Jarrett and I started out the year strong. On January 1st, we went on a First Day Hike at Enchanted Rock State Park. The park is located almost two hours from Austin and has plenty of options for different types and levels of adventures: hiking, backpacking, rock climbing, camping, pick-nicking, and geocaching. Even though its official address is located in Fredericksburg, it’s actually not in the town, so it’s also a great place for stargazing….
Now that we’ve listed all the awesome adventures you can embark on at this place, let us tell you a little about what we observed and learned on our hike.
Natural Landscape History
The first thing that stood out to me as we were driving up is the reason why this place is called Enchanted Rock. As you drive up to it, you can see these small mountains standing out in the middle of flat Texas ground. It is pretty obvious that they don’t fit in with the rest of the landscape. They look like someone just picked up two giant balls of dry stone from somewhere else and dropped them off in the middle of a low-brush area.
View from my car as we were driving up to Enchanted Rock.
Our great guide, a Texas State Park Ranger, told us that the reason Enchanted Rock sticks out is because it formed millions if not billions of years ago when the lava from deep within the earth managed to make its way out through cracks on the outer surface as the earth was forming. This lava mixed with the elements and dried up to create this singular landscape.
If you’re feeling inclined, you can take a black light with you on your hike to see the lichen that continue to shape the rocks at this state park. They glow in the dark when you shine the black light on them at night.
Human Settlement History
We also learned that humans have visited Enchanted Rock for at least 12,000 years. Plenty of artifacts of native peoples have been found and continue to be found. The native people and the European settlers considered this area to be magical, perhaps inhabited by special spirits of some kind. Although there is no record of natives calling this place Enchanted Rock, it is easy to see how the European settlers would start referring to it as such, based on the tales from the native populations.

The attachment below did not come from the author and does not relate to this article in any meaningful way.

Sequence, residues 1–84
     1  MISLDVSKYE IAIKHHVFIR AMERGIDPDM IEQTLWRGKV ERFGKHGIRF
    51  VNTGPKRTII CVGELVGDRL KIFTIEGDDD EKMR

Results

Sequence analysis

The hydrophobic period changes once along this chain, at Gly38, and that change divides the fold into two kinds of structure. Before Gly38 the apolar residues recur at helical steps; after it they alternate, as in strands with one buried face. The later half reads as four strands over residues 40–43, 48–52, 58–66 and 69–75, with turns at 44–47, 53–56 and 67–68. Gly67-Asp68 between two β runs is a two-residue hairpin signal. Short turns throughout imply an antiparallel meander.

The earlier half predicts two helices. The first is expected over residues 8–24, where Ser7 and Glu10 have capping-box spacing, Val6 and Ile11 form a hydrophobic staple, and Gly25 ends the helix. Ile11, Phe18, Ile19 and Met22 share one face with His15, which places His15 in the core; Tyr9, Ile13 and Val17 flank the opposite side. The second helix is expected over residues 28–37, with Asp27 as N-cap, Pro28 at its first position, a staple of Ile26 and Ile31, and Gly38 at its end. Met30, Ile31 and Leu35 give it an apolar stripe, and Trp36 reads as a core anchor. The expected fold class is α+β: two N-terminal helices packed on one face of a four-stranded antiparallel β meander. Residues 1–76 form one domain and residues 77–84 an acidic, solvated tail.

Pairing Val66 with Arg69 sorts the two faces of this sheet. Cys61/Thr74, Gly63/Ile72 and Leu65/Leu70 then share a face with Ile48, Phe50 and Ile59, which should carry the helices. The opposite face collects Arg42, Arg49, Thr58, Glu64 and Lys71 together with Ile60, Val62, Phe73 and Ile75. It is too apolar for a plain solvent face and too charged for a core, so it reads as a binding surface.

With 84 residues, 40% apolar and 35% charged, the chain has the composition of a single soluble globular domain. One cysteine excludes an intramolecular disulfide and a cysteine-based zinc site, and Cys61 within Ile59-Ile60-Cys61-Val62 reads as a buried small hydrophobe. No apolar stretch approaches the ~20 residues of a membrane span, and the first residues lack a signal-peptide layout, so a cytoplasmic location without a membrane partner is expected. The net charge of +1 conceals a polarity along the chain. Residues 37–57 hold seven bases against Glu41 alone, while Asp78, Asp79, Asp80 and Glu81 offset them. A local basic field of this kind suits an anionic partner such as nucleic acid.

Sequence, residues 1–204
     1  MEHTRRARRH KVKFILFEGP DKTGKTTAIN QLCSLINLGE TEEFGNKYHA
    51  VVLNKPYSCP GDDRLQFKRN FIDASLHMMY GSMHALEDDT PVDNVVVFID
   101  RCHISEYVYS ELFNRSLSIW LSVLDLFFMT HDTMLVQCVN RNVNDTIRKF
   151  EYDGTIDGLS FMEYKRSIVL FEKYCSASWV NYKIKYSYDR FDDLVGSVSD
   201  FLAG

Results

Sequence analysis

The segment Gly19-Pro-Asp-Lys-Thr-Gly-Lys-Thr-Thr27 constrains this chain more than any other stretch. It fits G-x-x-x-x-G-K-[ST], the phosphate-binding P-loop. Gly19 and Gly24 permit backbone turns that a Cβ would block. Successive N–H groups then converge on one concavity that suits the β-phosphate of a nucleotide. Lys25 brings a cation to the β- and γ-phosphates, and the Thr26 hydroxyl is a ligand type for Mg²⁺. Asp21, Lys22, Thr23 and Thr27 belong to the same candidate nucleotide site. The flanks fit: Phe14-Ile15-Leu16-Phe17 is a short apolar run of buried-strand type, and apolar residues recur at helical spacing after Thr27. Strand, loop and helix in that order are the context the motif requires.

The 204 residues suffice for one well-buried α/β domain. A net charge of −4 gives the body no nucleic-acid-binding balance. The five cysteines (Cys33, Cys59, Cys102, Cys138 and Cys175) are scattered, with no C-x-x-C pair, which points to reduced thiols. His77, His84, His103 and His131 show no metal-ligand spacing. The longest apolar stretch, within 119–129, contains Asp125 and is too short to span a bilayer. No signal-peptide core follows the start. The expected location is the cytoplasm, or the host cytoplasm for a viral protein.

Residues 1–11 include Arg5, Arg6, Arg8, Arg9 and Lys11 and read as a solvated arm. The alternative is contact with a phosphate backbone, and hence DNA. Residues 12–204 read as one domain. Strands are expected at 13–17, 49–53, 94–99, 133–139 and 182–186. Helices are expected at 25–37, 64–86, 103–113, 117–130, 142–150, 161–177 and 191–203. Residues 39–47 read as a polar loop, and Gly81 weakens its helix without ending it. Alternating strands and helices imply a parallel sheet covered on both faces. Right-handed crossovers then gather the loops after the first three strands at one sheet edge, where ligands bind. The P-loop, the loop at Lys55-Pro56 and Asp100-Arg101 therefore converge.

Hiking Challenge Level
Our hike was limited to the low-lying areas because we had Angela and BeeGee with us (more details on dog restrictions are below). The hike was not challenging. It was mostly dry dirt, with little to no gravel. That means that people with poor balance, such as myself, can enjoy a nice hike through the low-lying trails at this park.
Along our low-lying hike.
Whatever you do, we recommend you purchase and reserve your spots ahead of time because people were being turned away when we visited on January 1st. Yes, it was a holiday, but if you can prevent driving all the way over there only to have your entrance denied, why wouldn’t you? So make sure to purchase your tickets and spots in advance.
Entrance fees are only for children 12 and older, and they’re only $7. Entrance fees are required for any activity to be performed within the park, so if you do any other activity, such as camping or group gatherings, expect to add on the entrance fee for each person to it.
Campsites are $14 for primitive and $18 with water. There’s also group options for camping. Personally, based on past experience, if you’re looking just to relax, I recommend just paying the extra $6 because the land in this park is very dry. If you do decide to do primitive camping, take plenty of water you will need it.
For group gatherings, there’s free picnic tables, but also pavilions available for $40 a day or a group camp site for fifty people for $100 a night.
There does not seem to be extra fees attached to rock climbing or hiking, but rock-climbing does have recommendations and restrictions to follow. I have never rock climbed so I will not attempt to interpret what all of the guidance on the Enchanted Rock website means. But they have all the pictures, guidance, and maps for you to follow.
Pets – our favorite part! There are no additional fees for pets. The website states that pets “are only allowed in the designated day-use picnic areas, the campgrounds, and on the Loop Trail.” However, this information may be outdated because when we arrived, we were informed there were two trails the dogs could join us in, specifically the low-lying trails. We were also able to take our dogs with us on the First Day Hike, though probably because it was limited to low-lying areas. There are doggy stations there to help you clean up after your pups too.
This place is a must for groups or families with different types of adventurers. There are plenty of outdoor activities to do with almost no physical effort. But if you want great physical exertion, this park offers that too! There’s something for everyone. Definitely recommend it.